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Rated: ASR · Short Story · Family · #311350
a boy resorts to suicide after blaming himself for his father's death
         Thick black clouds covered the sky, heavy with threatening rain. In one
house, a dog reared up on its hind legs and began barking at a squirrel
munching a nut on the lawn. Thunder crackled, shouting its fury for all to
hear. In one of the many huge homes on this particular street, a boy sat on
his bed looking through the window, his eyes unseeing, and his mind in a
far-off place. He was lost within his memories.
         He recalled another stormy day, much like this one, when he had sat on this
same bed, nearly a year ago. He had not been staring at nothing then,
though. That day he had been engrossed in J.R.R. Tolkien’s The Fellowship
of the Ring. Anyone looking at him might have thought him dead if it hadn’t
been for his hand turning page after page after page. And they might have
been right; his mind had fled to the dreamscape of the story.
         He didn’t look up as his father came into the room. The exclamation that
of “I’m going to the store,” said louder than it should have been, fell upon
deaf ears. The only acknowledgement of someone addressing him was a
murmured, “OK.” The door slammed, but the boy never noticed. His mind
never wandered from Tolkien’s fantasy world until hours later, when he had
reached the end of the book.
         Stretching legs that moved painfully after having been sat on for so long,
he rose, wondering absently where his father was. Then he remembered the
slamming door, his own noncommittal “OK.” How long ago had that been?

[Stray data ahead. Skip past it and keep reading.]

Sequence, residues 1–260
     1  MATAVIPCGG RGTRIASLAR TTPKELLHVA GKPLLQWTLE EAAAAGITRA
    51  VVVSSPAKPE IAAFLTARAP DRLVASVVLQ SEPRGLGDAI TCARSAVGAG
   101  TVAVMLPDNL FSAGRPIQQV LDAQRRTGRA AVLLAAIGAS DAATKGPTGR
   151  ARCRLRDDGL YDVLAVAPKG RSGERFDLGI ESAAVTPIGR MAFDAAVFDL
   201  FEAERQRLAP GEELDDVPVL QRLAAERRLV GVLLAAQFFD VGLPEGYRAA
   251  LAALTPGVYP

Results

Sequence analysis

A year later, a single hot tear flowed down the boy’s cheek. It had taken
him two hours more to realize a simple fact. His father wasn’t coming home.
His mother told him the whole story later. His father had had a hard night
at work the night before, and had come home drunk. That had been the cause
of the slamming door, the seemingly pointless anger. And it had been the
cause of his death.
         The child’s mind fast-forwarded to the funeral. He had been uncomfortable
in his stifling black suit. He had been uncomfortable hugging people of
whom he had no recollection. But most of all, he had been uncomfortable
standing so close to the closed casket that contained the body.
         The graveyard. As the pastor murmured the potent prayers that would assist
his father to Heaven and the casket was lowered into the ground,
heart-wrenching sobs escaped the boy, and he did not try to hide nor wipe
his tear-stained eyes.
         A year later, remembering all this, sobs equal to the ones he had cried
that horrible morning shook his body once again. Before his finger pulled
the trigger of the gun aimed steadily at his own head, he murmured three
words: “I’m sorry, Dad.”
© Copyright 2001 Gatita (Kat) (katthemage at Writing.Com). All rights reserved.
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